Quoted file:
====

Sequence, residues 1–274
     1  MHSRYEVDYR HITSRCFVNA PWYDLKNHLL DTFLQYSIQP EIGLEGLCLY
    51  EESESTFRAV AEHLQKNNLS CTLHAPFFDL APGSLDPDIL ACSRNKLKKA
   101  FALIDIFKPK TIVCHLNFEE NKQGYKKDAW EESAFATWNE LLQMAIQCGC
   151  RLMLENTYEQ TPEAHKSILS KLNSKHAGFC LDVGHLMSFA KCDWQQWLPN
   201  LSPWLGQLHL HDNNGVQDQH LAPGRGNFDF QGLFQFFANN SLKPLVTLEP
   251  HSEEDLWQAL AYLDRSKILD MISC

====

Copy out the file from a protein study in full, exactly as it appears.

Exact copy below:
Sequence, residues 1–274
     1  MHSRYEVDYR HITSRCFVNA PWYDLKNHLL DTFLQYSIQP EIGLEGLCLY
    51  EESESTFRAV AEHLQKNNLS CTLHAPFFDL APGSLDPDIL ACSRNKLKKA
   101  FALIDIFKPK TIVCHLNFEE NKQGYKKDAW EESAFATWNE LLQMAIQCGC
   151  RLMLENTYEQ TPEAHKSILS KLNSKHAGFC LDVGHLMSFA KCDWQQWLPN
   201  LSPWLGQLHL HDNNGVQDQH LAPGRGNFDF QGLFQFFANN SLKPLVTLEP
   251  HSEEDLWQAL AYLDRSKILD MISC